Protest in Hong Kong: pro-democracy activist Joshua Wong remanded in custody

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Joshua Wong, one of Hong Kong’s best-known protest figures, and two other prominent activists were remanded in custody on Monday after pleading guilty for their role in protests in 2019.

The former British colony experienced its most serious political crisis last year since its handover to Beijing in 1997, with almost daily demonstrations denouncing China’s influence over the semi-autonomous region.

Despite the scale of this mobilization, marked by parades bringing together more than a million people, the Hong Kong executive, which is aligned with Beijing, had made no concessions to the demonstrators on the crucial question of the voting system .

And the authorities responded with a vigorous crackdown on the pro-democracy movement.

Joshua Wong, 24, is being sued along with two other famous dissidents, Ivan Lam and Agnes Chow, for a protest outside the Hong Kong Police Headquarters on June 21, 2019, around ten days after the protest began.

“We will continue to fight for freedom, and this is not the time to flatten out in front of Beijing or to surrender,” said to reporters on his arrival in court the man who in 2014 had been the face of the ” umbrellas ”.

Stays behind bars

“We have no regrets,” added Lam, 26.

Egg throwing, graffiti … The headquarters of the police and the neighborhood police stations had been targeted by the demonstrators who asked in particular for an independent investigation into the “violence” which they attributed to the police.

Mr. Wong pleaded guilty to inciting and organizing an illegal assembly. Mr Lam pleaded guilty to incitement, when Agnes Chow, 23, pleaded guilty to incitement and participation in the protest.

The three were remanded in custody pending the announcement of the court’s decision on December 2. Which means they are almost guaranteed to get jail time.

The court seised may not impose penalties exceeding three years’ imprisonment.

“Good luck to everyone,” said Joshua Wong, being taken away by the police.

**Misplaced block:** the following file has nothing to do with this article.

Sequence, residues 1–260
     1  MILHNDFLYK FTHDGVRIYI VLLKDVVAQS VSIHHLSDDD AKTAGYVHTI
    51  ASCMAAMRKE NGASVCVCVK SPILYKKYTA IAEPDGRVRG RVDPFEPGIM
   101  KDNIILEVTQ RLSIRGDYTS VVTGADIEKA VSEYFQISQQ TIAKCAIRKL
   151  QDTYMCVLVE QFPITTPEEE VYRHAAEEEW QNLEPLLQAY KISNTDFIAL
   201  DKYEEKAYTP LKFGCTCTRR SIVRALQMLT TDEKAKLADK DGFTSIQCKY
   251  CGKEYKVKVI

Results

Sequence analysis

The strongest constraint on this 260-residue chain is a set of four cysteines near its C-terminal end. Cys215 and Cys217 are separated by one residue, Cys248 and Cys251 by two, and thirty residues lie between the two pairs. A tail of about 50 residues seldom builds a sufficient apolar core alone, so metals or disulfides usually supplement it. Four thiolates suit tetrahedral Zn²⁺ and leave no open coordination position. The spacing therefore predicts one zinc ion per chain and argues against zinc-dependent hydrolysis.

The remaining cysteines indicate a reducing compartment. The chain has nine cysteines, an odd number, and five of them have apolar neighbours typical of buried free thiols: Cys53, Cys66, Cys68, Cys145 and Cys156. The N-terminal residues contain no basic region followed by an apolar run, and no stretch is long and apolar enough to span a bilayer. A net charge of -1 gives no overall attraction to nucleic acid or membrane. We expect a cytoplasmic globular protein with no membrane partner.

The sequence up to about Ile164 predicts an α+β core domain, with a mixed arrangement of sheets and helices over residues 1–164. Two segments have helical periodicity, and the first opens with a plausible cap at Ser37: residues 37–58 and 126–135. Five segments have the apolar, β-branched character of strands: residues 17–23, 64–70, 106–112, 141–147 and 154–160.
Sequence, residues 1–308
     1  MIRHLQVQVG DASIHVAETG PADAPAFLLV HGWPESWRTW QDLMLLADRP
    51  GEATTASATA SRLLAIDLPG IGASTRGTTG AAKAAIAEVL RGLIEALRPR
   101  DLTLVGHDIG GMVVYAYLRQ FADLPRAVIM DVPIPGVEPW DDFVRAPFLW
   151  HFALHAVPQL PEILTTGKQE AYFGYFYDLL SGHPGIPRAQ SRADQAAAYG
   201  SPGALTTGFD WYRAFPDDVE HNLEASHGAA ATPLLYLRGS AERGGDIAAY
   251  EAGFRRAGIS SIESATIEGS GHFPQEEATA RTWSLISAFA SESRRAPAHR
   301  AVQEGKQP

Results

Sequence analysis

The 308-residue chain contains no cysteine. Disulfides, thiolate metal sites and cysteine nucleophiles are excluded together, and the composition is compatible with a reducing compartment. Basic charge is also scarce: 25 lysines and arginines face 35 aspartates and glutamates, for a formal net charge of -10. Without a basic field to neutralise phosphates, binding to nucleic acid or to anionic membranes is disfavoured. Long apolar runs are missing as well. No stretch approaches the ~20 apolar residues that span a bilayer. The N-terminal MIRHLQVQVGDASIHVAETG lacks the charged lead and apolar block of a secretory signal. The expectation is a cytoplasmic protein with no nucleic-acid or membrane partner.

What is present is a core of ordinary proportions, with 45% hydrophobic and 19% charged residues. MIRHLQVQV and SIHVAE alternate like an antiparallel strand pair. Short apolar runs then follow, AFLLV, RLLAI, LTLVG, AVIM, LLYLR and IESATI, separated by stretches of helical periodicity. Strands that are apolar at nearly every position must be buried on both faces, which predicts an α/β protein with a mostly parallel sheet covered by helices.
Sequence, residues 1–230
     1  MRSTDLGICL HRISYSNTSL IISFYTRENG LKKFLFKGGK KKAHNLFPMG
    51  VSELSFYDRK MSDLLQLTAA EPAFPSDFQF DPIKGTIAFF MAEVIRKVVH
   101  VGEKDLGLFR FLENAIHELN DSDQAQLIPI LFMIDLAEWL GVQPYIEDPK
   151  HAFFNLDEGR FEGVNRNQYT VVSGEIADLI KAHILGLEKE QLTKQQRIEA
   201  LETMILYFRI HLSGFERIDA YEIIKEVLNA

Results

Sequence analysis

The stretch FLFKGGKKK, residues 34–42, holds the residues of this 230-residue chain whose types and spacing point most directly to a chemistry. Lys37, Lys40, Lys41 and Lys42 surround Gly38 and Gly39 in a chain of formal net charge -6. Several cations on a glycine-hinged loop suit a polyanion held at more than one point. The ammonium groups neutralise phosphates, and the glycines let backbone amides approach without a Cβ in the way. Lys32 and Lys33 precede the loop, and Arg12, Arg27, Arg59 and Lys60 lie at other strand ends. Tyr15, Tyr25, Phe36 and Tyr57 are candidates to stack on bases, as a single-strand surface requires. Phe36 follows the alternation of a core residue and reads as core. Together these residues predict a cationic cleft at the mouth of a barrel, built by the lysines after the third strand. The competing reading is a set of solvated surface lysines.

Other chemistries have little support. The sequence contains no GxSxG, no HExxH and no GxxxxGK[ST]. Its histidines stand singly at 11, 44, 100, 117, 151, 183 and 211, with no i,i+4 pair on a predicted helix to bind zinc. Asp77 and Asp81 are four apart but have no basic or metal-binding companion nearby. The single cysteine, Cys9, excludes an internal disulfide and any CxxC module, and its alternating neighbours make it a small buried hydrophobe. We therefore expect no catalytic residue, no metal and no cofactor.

Despite his youth, Mr. Wong has already spent time behind bars, he who is already a veteran of the political struggle.

He had cut his teeth at the age of 13 in the fight -lost- against a high speed line connecting Hong Kong and mainland China.

In 2011, he co-founded Scholarism, a small student group that will be at the forefront of the winning battle against the introduction of Chinese patriotism courses. At the age of 15, he went so far as to go on hunger strike under the windows of the local government.

MM. Lam and Chow were also involved in this movement.

But it was Mr. Wong’s commitment to the “Umbrella Movement” in 2014 that really made the world known about his youthful face, his bangs falling on thick black-rimmed glasses and, already, his extraordinary self-confidence. facing the cameras.

In addition to real universal suffrage, the demonstrators who had occupied central Hong Kong for 79 days demanded an end to China’s interference in Hong Kong, a territory supposed to enjoy autonomy until 2047.

Six years later, their fears materialized with the national security law that Beijing imposed on Hong Kong on June 30, waves of arrests, restriction of freedoms and departures into exile.

Mr. Wong, whose candidacies for the 2019 local elections and the upcoming legislative elections have been invalidated, is currently subject to several legal proceedings.

In addition to his involvement in the 2019 movement, he is notably prosecuted for having participated in June in the traditional annual vigil in memory of the repression of Tiananmen in 1989, which was for the first time banned, officially because of the coronavirus.

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